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'Small Axe': compelling drama for the Black Lives Matter age

'Small Axe': compelling drama for the Black Lives Matter age

John Boyega as Leroy Logan in 'Red, White and Blue' | Photo © BBC

3 min read

Reflecting a sentiment recaptured by this year’s BLM protests, Steve McQueen’s five-part mini-series is a refreshing portrayal of mainstream Black experience and the fight for a better future

"I don’t know if I’m going to have a career after this.” A week after the murder of George Floyd, John Boyega addressed a crowd in Hyde Park in support of the Black Lives Matter protests. “Every Black person understands and realises the first time you are reminded that you were Black,” Boyega began. Mid-way through his speech, Boyega expressed concern that his words might harm his acting career.

It’s ironic, then, that he would give one of his best performances yet, just four months later. Red, White and Blue is the third film in Steve McQueen’s five-part mini-series, Small Axe, each depicting a different story from the post-Windrush era. Boyega plays a Black British man, Leroy Logan, who joined the Metropolitan Police in the 1980s. Whether this was in spite of – or because of – the memory of racist police officers assaulting his Jamaican father depends on whether you ask Leroy, seeking to change the force from within, or his father, who ostracised him for even trying.

The subsequently tense family meal juxtaposed a symbol of Caribbean joy (I could practically smell the goat curry and plantains from my sofa) against the kind of division that so often turns us against one another. That’s what’s so unique about McQueen’s work: in one scene, he manages to carve out the oppressive plains we are forced to wander, whilst reminding us to celebrate the emancipatory space we’ve carved out for ourselves. The colours, sounds, music and sensuality of Lovers’ Rock offered a refreshingly rare representation of mainstream Black experiences on British television.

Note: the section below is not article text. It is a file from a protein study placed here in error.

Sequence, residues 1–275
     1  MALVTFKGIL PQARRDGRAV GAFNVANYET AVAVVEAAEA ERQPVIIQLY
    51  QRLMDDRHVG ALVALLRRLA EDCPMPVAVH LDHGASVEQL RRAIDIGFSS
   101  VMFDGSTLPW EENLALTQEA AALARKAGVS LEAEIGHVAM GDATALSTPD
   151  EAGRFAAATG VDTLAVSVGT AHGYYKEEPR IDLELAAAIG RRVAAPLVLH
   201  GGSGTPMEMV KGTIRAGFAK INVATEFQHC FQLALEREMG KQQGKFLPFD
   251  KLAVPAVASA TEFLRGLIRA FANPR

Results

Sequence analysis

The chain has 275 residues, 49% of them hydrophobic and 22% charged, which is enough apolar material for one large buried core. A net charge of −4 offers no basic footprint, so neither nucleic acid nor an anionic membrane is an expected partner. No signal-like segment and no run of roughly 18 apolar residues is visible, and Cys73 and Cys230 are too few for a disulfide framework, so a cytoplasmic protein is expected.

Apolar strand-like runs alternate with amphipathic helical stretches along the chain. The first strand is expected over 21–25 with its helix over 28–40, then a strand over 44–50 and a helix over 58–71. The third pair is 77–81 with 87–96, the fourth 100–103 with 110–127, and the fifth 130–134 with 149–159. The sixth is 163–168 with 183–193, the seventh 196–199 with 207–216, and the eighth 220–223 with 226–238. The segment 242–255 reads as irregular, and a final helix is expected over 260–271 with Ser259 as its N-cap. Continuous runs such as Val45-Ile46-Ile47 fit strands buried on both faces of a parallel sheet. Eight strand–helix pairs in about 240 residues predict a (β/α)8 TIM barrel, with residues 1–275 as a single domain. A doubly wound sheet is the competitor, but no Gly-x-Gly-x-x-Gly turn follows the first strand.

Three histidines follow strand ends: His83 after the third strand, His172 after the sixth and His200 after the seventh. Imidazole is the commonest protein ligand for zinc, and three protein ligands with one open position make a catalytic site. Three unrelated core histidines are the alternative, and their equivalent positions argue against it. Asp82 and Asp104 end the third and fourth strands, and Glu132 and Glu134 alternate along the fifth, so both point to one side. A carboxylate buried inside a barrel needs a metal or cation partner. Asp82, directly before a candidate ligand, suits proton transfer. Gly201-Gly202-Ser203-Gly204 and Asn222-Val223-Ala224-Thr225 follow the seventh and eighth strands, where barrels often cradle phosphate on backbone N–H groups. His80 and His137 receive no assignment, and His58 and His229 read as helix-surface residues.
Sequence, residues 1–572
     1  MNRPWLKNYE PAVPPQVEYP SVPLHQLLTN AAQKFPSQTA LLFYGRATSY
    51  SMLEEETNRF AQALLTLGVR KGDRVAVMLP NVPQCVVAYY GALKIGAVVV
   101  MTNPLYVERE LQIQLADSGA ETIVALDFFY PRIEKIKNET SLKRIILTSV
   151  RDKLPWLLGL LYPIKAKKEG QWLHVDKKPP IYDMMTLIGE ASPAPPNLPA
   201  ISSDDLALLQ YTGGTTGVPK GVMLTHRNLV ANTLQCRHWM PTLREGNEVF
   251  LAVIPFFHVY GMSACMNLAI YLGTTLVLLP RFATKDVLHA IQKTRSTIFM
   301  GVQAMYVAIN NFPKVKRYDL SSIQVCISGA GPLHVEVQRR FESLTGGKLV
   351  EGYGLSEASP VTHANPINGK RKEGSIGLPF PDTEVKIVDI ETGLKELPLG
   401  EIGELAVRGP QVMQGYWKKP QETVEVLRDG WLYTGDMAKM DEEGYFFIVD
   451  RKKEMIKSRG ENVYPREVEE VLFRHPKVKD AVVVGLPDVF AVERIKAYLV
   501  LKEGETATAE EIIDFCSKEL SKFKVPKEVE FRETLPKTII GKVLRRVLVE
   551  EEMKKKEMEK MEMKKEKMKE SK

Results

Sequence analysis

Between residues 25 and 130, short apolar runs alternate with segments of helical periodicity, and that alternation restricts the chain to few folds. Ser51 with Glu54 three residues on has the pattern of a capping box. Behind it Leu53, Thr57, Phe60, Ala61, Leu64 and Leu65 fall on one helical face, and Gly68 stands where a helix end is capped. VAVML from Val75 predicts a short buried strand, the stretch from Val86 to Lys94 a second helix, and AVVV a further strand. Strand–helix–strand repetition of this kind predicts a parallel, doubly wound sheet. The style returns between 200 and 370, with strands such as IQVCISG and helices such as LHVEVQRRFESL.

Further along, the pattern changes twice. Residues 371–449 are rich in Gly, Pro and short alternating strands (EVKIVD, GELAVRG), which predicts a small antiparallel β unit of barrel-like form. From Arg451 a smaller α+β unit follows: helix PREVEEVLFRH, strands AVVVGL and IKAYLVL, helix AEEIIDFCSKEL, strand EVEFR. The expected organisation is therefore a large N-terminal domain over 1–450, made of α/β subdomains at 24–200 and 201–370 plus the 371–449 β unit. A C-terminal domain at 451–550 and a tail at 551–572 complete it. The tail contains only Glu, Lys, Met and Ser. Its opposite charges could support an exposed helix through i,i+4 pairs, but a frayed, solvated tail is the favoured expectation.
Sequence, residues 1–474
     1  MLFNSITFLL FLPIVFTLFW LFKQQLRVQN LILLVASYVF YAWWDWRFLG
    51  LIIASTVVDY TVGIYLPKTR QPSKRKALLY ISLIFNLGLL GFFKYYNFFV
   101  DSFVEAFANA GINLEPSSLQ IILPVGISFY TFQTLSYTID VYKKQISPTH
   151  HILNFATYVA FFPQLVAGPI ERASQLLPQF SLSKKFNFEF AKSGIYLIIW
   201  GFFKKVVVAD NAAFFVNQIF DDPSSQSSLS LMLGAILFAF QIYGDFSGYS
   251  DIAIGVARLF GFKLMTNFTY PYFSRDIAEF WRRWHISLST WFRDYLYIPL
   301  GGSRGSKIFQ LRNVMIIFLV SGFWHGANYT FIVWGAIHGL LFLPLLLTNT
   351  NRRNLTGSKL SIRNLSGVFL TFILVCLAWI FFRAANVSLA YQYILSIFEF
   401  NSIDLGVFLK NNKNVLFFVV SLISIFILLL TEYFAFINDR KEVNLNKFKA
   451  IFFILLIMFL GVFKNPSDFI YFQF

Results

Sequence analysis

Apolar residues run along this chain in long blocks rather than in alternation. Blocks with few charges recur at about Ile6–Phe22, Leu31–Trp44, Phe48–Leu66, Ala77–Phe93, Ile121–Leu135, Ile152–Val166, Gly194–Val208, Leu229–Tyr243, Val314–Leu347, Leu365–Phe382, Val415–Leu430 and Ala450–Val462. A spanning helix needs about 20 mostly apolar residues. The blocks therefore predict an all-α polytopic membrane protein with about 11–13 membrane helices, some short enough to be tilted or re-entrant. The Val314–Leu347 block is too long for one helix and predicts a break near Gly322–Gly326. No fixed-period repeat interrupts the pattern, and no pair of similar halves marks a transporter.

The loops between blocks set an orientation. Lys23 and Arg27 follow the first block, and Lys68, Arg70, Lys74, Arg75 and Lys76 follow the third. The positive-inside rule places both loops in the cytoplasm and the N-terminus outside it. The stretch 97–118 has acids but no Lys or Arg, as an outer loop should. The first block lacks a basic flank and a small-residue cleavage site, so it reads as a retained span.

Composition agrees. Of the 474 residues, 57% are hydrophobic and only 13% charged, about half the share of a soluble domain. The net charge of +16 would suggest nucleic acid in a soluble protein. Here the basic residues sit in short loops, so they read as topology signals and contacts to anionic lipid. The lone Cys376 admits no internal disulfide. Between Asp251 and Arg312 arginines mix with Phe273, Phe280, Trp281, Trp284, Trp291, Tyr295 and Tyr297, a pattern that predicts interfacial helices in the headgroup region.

Above all, McQueen’s anthology is a theory of change. Small Axe compels its viewers to reflect on the impossible bind in which Black men find themselves: risk betraying your brothers by working with the very system that has subjugated us, or risk jeopardising your brothers’ freedoms by resorting to alternative measures. With The Mangrove, McQueen begins the series by unpicking the painful struggle these measures entail.

Small Axe compels its viewers to reflect on the impossible bind in which Black men find themselves

Following targeted police harassment of The Mangrove restaurant in the late 60s, its owner Frank Crichlow grows increasingly weary of complaining to the police, the Home Office and his local MP to no avail. Running parallel to the conversation between Logan and his father, Frank is chastised by Darcus Howe, a young Trinidadian activist, for wasting his time with diplomatic endeavours. Darcus insists they take to the streets. In reply to Frank’s scepticism that “This isn’t Trinidad, this is Notting Hill,” Darcus insisted that The Mangrove restaurant was Notting Hill. It was their reality. It was their future. And it was a future worth fighting for, a sentiment that has been recaptured by Black Lives Matter protests all across the country this year.

One hundred and fifty people marched to the local police station, leading to the wrongful arrest of ‘The Mangrove Nine’ for the charge of ‘riot and affray’. Taking an 11-week trial to acquit them, I could not help but shed a tear when the jury declared the verdict. In one sense, it was out of cathartic relief. McQueen’s unique ability to draw out human empathy gives me confidence that nearly all viewers – Black or White – felt the same way. In another sense, however, it was a realisation that lasting, meaningful catharsis still evades us. As Boyega admits at the very end of Red White and Blue, “Big change: that is a slow-turning wheel.”

David Lammy is Labour MP for Tottenham

Small Axe was directed and created by Steve McQueen and is available on BBC iPlayer

 

Read the most recent article written by David Lammy MP - Outstanding and powerful: David Lammy reviews: ‘Judas and the Black Messiah’

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